A SEPAC is primarily an advisory group. The members represent a broader group of people (all parents of children receiving special education services in the district). The SEPAC can also participate as a planning and/or evaluation group with respect to the school district’s special education programs.

Under the law, the duties of the SEPAC are defined –

advising the district on matters that pertain to the education and safety of students with disabilities; meeting regularly with school officials to participate in the planning, development, and evaluation of the school district’s special education programs.” 603 CMR 28:07(4)

Special education parent advisory councils have an important voice to add to the school district’s dialogue and decision-making in regards to special education. Parents have first-hand experience and a unique perspective. Working collaboratively, SEPACs can have a positive impact on matters that pertain to special education within their school district. Together with the school district, SEPACs can create a more responsive school environment and positive outcomes for families. Good communication with several partners is key to developing a meaningful dialogue. SEPACs should work with:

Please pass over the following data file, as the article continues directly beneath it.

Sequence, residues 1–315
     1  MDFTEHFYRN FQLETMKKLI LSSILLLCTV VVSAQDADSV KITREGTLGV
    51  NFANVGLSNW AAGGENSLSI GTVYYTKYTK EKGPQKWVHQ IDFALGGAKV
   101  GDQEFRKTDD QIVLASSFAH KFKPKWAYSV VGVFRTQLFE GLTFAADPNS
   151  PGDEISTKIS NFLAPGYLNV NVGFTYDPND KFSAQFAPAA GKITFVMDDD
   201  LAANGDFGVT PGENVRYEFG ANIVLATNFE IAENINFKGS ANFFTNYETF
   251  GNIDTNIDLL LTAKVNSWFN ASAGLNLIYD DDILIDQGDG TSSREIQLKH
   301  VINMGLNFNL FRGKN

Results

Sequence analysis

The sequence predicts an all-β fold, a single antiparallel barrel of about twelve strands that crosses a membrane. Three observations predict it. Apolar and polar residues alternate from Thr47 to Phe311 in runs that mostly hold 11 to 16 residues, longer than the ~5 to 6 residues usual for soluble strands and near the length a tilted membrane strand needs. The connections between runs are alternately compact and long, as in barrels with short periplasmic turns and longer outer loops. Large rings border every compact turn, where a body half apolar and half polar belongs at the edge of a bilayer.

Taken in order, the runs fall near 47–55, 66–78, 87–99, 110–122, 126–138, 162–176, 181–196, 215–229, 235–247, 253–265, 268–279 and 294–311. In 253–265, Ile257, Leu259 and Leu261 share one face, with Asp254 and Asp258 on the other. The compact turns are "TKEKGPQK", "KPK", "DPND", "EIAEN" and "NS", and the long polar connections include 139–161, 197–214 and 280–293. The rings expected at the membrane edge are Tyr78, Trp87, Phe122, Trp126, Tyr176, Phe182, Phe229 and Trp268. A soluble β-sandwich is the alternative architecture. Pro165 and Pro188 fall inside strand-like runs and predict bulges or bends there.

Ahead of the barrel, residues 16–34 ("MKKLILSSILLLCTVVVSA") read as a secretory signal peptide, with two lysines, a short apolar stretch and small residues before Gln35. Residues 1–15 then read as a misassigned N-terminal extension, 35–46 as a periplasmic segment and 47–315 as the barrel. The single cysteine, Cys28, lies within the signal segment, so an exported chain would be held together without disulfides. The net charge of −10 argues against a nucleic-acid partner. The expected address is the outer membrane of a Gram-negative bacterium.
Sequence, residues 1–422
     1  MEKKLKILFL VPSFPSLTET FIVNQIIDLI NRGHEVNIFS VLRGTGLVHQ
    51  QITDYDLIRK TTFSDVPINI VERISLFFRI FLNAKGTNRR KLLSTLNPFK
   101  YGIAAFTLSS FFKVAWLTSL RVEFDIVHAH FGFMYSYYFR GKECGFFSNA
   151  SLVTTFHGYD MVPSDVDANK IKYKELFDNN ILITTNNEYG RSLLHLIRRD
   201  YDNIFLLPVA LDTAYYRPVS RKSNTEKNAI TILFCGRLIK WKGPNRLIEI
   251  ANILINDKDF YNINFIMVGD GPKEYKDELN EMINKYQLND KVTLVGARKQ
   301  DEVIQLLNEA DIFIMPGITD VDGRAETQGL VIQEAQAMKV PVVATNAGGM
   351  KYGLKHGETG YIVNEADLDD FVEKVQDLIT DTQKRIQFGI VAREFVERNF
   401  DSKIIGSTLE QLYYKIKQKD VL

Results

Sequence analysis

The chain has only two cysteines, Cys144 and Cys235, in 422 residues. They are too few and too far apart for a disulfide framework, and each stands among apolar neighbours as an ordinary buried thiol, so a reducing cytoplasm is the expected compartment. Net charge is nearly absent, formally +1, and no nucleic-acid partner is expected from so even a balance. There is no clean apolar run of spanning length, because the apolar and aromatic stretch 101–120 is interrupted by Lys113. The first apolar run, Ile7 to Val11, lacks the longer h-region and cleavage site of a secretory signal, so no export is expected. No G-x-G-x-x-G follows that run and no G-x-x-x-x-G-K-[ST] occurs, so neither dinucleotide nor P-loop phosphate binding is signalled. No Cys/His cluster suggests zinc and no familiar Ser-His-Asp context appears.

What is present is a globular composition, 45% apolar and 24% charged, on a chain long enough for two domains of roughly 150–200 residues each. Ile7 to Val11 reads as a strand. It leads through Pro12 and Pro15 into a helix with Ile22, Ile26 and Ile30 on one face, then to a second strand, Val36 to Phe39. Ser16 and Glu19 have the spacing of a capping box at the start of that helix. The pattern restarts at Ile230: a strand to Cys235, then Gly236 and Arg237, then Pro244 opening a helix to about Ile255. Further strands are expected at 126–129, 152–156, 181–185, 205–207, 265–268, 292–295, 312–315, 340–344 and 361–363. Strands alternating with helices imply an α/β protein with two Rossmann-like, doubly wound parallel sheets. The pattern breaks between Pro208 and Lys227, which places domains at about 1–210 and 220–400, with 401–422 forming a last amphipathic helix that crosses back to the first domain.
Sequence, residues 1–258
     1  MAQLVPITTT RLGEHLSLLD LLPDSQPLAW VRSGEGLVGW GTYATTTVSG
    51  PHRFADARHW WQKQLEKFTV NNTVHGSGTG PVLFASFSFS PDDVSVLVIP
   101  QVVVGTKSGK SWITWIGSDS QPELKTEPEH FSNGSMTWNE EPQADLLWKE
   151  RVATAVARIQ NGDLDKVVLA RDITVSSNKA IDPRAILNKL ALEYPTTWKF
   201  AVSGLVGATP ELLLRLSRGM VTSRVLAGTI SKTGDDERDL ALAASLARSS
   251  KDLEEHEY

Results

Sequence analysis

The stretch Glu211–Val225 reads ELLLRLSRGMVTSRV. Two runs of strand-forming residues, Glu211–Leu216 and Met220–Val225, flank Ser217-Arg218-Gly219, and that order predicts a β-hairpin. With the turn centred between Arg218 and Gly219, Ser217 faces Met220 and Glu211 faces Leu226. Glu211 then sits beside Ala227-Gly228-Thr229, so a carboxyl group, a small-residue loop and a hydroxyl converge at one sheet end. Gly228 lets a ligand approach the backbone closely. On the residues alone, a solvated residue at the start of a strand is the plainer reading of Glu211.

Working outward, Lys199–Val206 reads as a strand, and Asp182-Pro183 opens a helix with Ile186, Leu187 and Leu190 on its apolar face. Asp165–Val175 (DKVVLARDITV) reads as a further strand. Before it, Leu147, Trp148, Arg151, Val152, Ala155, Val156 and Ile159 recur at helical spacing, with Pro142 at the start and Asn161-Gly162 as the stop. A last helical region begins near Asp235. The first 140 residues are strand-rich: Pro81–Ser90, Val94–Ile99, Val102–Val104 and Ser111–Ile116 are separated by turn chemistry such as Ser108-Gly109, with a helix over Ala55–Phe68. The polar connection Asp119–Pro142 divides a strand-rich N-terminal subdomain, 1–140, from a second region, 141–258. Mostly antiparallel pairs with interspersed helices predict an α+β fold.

• The Administrator of Special Education
  • The Superintendent
  • The School Committee
  • Other School Officials
  • School Councils, PTAs/PTOs, other Parent Groups and
  • The Community at large.

SEPACs are an integral part of the broader school community. Informing members of the school community about the purpose, value, and function of SEPACs is critical to gaining support for SEPAC activities and for initiating and sustaining collaborative efforts. (From DESE Guidance) A SEPAC will become better known and respected if it is “plugged into” the infrastructure of the school district. If the SEPAC wants to play a role in the district, the SEPAC officers and members should take the initiative to increase chances for SEPAC representation on school-wide matters. The SEPAC can help educate the community about what special education is (and is not); in addition to helping educate people about disabilities.